UBC Public Scholars Award


Likely May 2020

Annual Value

Up to $10,000


Permanent Resident

Degree Level


psi applications for the 2019/20 period Are now closed. The 5th cohort of public scholars will be announced in september!!

applications for the 6th cohort of public scholars will start in march 2020.  

This award is part of the UBC Public Scholars Initiative (PSI) which intends to build connections, community, and capacity for doctoral students who are interested in explicitly linking their doctoral work to an arena of public benefit and integrating broader and more career-relevant forms of scholarship into their doctoral education process.

Up to $10,000 twice, for a total of $20,000 per student is available to support innovative/collaborative scholarship which the student would otherwise be unable to pursue. Funding can be used for:

  • A research allowance (including allowance for professional development or travel relevant to the scholarly work)
  • Student stipend, if the student’s current funding source would not allow the alternative project(s)

Every year funding is available for up to 30-40 new students . Students may be eligible for renewal for a second year (pending new PSI funding).



  • UBC Vancouver doctoral students (PhD, EdD, and DMA) in years 1-5
    • Applicants must have completed no more than 48 months of doctoral study as of 31 August 2019
    • Applicants must be registered in a UBC doctoral program as of 1 September 2019
    • Applicants in their 6th year (48 to 60 months of doctoral study) will be accepted only in the most exceptional circumstances

Requirements for all funded students:

  • Submission of a report at the end of their first (and if applicable, second) year of funding
  • Presentation of their work at a Network event PhDs Go Public

All students, faculty, and collaborators will be asked to complete a questionnaire at the end of their funding/involvement. Student dissertations and student completion and career outcomes will also be reviewed as part of the assessment of this pilot initiative.

Evaluation Criteria

  • Student’s past accomplishments and future promise. Breadth of interest and accomplishment will be important, as well as an indication of the student’s fit with the proposed project.
  • Project’s relationship to PSI goals, which is to encourage and enable a broadened conception of doctoral education, such that:
    • Students gain experience in the environments and types of scholarship they may productively engage in post-graduation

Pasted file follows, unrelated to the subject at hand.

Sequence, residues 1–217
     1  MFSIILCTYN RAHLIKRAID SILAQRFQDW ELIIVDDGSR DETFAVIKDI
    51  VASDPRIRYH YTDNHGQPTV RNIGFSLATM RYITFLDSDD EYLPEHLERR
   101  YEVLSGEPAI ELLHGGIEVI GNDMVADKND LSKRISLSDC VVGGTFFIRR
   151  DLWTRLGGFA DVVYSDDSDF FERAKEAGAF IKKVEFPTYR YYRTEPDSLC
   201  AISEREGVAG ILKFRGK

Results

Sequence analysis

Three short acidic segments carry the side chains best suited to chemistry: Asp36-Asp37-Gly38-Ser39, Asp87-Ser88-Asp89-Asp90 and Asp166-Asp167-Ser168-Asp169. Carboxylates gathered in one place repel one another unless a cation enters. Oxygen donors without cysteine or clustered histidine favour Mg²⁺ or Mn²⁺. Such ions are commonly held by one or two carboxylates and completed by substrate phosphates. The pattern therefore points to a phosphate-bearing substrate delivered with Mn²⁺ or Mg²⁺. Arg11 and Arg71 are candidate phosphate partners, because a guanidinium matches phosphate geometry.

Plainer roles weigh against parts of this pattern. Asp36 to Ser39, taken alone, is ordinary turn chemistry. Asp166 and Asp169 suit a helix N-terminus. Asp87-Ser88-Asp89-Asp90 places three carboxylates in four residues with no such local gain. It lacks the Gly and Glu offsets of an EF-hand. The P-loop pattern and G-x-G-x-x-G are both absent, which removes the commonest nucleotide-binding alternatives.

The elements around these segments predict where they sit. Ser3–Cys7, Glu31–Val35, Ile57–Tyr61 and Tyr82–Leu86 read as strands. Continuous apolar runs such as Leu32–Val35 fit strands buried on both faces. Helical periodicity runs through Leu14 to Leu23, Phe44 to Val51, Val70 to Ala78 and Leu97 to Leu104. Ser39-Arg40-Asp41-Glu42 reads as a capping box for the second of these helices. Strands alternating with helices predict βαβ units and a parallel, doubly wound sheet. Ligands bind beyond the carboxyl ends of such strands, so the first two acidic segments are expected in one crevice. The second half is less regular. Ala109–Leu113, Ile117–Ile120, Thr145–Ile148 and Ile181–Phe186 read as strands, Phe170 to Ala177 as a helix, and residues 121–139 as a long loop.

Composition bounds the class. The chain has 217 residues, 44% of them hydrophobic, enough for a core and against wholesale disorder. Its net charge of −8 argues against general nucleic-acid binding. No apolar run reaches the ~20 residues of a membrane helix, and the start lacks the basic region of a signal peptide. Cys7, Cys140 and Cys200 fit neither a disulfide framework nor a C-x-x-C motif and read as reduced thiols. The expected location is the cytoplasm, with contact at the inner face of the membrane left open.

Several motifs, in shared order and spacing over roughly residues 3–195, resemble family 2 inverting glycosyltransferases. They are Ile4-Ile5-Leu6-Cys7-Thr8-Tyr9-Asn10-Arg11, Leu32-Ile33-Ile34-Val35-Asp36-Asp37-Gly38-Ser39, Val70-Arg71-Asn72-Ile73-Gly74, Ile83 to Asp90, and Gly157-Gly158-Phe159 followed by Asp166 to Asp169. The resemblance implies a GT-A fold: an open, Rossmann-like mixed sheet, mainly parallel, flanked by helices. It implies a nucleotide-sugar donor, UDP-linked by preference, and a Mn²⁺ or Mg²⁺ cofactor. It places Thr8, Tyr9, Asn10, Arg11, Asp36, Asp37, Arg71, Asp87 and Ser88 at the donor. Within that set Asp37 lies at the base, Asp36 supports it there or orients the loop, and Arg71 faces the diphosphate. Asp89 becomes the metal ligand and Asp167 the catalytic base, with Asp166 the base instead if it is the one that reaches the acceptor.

• Students’ work is evaluated as part of the degree, ensuring it is of the highest quality, and signaling that the university considers these diverse forms of scholarship worthy of recognition
    • Students gain enhanced career opportunities and they foster positive public perception of the value of the doctorate
    • Students can contribute to the public good in diverse ways through rigorous scholarship
  • Quality of proposed scholarship. The following factors will be taken into account:
    • The work requires a high level of expertise in a discipline(s) and/or methodology
    • The goals are clearly defined, realistic, and identify important questions
    • Adequate preparation for and understanding of the subject is indicated
    • Appropriate methods are proposed to achieve the goals
    • Plans to document and disseminate the work are appropriate and effective
    • The work has significance and is likely to contribute positively to the public good
  • Need for alternative funding sources
  • Consideration will also be given to breadth of the initiative across disciplines

Application Procedures

First download and read the instructions carefully. When you're ready:


Adjudication Procedures

The Faculty of Graduate and Postdoctoral Studies will convene a multi-disciplinary adjudication committee to review eligible applications and select funding recipients. Funding decisions will be announced in the second half of June.

Profiles of Award Holders

Severn Cullis-Suzuki

Doctor of Philosophy in Anthropology (PhD)
Learning the Ancestral Language of My Children: Charting a Course to Fluency in Xaayda Kil

Lily Ivanova

Doctor of Philosophy in Sociology (PhD)
Institutionalizing empathy: The Role of Culture in the Representation and Interpretation of Genocide

Saori Ogura

Doctor of Philosophy in Forestry (PhD)
Devising Strategies for Food Security and Responses to Climate Change in Indigenous Villages in Zimbabwe and the Himalayas: Folding Visual Art into an Evidence-Based Project

Sophie Lewis

Doctor of Philosophy in Forestry (PhD)
The interaction of the International Forest Regime with forest governance and forest dependent peoples in Cambodia.

Laura Melissa Guzman

Doctor of Philosophy in Zoology (PhD)
Improving R Instruction in Undergraduate Statistics Courses Using Educational Theories

Stefan Pauer

Doctor of Philosophy in Law (PhD)
Border Tax Adjustments in Support of Domestic Climate Policies: Explaining the Gap Between Theory and Practice

Jonathan Eaton

Doctor of Philosophy in Anthropology (PhD)
Exploring Cultural Heritage as an Opportunity for Recovery in the Aftermath of Disaster

Lois Evans

Doctor of Philosophy in Library, Archival and Information Studies (PhD)
More Zeros, Less Ones: Digital Storage Management, Big Data, and Climate Change

Khia Johnson

Doctor of Philosophy in Linguistics (PhD)
Investigating how Cantonese-English bilinguals produce and perceive speech sounds

Further Information

For questions about the Public Scholars Initiative and application procedures, contact Public Scholarship Coordinator Serbulent Turan: serbulent.turan@ubc.ca